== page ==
7Natural Resource and Environmental Studies Institute, University of Northern British Columbia, Prince George, BC V2N 4Z9, Canada
8Pristine Seas, National Geographic Society, Washington, DC, USA
9Fisheries Ecology Research Lab, University of Hawai‘i at Manoa, Honolulu, Hawai‘i, USA
10The Nature Conservancy, 4245 Fairfax Drive, Arlington, VA 22203, USA
11Lead Contact

*Correspondence: krjones@wcs.org


As human activities increasingly threaten biodiver- Global Marine Wilderness

sity [1, 2], areas devoid of intense human impacts Identifying marine wilderness requires finding biologically and
are vital refugia [3]. These wilderness areas contain ecologically intact seascapes that are mostly free of human
disturbance [3, 16]. Here we do so by mapping those areas
high genetic diversity, unique functional traits, and
that have low impact across all human stressors and also
endemic species [4–7]; maintain high levels of
have a low cumulative impact, as even low levels of human
ecological and evolutionary connectivity [8–10]; and activity can significantly impact some critical aspects of
may be well placed to resist and recover from the biodiversity (e.g., mobile top predators [4]). To identify marine
impacts of climate change [11–13]. On land, rapid de- wilderness, we used the most comprehensive global data avail-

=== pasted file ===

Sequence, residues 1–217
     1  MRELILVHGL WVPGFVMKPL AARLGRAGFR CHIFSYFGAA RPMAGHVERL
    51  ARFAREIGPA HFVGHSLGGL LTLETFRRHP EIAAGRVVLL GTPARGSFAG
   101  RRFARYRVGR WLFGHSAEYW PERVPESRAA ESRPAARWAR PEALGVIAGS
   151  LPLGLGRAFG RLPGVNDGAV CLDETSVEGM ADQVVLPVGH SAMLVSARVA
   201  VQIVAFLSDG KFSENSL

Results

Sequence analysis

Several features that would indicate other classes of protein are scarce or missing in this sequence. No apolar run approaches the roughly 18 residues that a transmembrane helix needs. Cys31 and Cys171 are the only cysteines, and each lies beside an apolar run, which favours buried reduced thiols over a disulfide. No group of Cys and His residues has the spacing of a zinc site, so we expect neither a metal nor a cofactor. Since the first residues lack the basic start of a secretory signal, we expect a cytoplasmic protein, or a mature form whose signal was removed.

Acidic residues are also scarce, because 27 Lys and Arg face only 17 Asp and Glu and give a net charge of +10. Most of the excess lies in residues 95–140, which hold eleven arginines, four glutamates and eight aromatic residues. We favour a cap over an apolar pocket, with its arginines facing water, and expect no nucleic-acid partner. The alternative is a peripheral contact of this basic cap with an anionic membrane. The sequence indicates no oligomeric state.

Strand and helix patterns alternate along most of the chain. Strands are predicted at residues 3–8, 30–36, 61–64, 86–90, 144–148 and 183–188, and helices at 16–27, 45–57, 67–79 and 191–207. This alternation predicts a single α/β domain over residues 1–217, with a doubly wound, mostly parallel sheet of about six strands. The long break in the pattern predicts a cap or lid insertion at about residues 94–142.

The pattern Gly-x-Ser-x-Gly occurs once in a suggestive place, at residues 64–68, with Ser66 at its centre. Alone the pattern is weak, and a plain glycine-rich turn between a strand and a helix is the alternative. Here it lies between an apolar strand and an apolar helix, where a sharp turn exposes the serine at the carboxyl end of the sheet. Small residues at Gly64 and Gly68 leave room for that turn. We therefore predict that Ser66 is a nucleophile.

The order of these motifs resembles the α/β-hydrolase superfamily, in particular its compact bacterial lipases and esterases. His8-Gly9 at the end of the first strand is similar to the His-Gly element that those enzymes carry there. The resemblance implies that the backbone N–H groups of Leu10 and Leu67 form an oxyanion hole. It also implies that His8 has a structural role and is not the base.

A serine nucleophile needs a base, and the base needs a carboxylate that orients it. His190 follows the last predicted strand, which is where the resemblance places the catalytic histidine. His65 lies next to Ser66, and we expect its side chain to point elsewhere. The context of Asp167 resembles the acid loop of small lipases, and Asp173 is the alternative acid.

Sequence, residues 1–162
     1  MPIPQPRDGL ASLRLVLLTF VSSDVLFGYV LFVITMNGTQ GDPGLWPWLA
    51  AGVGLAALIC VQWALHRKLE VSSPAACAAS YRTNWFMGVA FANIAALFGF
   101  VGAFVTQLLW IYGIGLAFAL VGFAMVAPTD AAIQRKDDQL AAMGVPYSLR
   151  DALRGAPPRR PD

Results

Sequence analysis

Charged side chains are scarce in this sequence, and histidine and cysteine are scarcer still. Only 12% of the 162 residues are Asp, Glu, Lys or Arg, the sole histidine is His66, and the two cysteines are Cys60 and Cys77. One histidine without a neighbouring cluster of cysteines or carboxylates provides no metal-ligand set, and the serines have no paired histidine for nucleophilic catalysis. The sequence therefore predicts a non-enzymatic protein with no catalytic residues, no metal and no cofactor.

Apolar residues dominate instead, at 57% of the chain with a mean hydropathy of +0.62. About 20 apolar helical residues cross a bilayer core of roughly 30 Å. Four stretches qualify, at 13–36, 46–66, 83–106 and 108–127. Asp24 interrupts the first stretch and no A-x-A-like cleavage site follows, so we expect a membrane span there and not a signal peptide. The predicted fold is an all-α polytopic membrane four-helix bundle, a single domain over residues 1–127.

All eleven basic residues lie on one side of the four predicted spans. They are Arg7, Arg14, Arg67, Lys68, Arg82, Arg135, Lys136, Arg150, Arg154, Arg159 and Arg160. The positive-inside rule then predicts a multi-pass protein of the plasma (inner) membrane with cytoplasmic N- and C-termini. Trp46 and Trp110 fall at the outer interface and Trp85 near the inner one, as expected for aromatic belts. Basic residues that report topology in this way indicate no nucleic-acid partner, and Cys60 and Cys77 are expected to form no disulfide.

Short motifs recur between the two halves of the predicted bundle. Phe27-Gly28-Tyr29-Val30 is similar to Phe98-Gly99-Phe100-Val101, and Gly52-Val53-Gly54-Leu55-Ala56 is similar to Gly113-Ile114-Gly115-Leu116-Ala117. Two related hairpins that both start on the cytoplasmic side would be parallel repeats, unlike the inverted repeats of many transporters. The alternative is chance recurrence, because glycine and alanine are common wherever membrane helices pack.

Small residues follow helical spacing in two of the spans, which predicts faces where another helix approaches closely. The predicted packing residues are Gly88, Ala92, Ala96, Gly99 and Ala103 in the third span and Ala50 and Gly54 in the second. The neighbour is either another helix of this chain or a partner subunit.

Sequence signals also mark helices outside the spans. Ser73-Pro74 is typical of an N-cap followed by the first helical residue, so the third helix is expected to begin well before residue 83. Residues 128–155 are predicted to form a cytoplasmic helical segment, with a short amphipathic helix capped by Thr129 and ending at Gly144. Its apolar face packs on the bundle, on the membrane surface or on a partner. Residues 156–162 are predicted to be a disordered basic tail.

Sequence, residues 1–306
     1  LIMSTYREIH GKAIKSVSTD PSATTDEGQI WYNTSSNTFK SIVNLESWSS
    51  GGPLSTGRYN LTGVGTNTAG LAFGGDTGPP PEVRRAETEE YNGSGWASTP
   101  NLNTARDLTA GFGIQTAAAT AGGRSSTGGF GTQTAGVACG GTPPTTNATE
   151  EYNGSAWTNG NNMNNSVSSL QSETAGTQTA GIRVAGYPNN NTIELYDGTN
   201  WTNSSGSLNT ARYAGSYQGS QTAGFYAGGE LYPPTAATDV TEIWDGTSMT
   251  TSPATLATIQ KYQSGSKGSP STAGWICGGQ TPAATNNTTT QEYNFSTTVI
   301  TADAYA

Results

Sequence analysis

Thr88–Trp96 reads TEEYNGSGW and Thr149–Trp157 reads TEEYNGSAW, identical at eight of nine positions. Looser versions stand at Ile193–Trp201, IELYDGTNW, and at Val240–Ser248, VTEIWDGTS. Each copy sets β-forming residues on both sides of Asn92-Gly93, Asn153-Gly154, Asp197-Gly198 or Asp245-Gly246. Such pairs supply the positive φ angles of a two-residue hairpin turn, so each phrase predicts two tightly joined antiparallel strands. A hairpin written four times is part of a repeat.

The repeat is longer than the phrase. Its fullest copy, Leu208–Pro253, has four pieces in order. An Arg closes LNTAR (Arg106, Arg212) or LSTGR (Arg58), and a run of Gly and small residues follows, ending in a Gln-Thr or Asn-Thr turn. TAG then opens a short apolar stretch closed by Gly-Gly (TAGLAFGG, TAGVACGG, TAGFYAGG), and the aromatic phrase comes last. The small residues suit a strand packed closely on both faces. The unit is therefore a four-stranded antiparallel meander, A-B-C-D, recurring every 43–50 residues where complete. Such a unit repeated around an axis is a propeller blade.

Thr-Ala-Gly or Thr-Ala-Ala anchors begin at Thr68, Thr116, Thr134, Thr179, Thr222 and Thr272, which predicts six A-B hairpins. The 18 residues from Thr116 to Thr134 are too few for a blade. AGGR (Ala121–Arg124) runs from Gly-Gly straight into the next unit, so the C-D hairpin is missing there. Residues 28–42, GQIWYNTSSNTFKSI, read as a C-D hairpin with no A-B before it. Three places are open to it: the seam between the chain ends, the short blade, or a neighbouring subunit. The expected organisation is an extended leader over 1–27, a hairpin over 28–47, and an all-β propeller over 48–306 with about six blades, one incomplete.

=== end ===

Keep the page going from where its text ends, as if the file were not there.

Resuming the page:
clines in wilderness [3] have led to urgent calls for its able for 19 human stressors to the ocean (detailed summary in
protection [3, 14]. In contrast, little is known about Table S1) and the cumulative impact of these stressors [17].
the extent and protection of marine wilderness We first identified areas within the bottom 10% for every sepa-
[4, 5]. Here we systematically map marine wilderness rate human stressor (e.g., demersal fishing and fertilizer runoff;
globally by identifying areas that have both very little Table S1) and then applied a secondary classification to
impact (lowest 10%) from 15 anthropogenic only include areas also within the bottom 10% of total cumula-
tive impact at the global scale (see STAR Methods). Because
stressors and also a very low combined cumulative
the impacts of climate change are widespread and unmanage-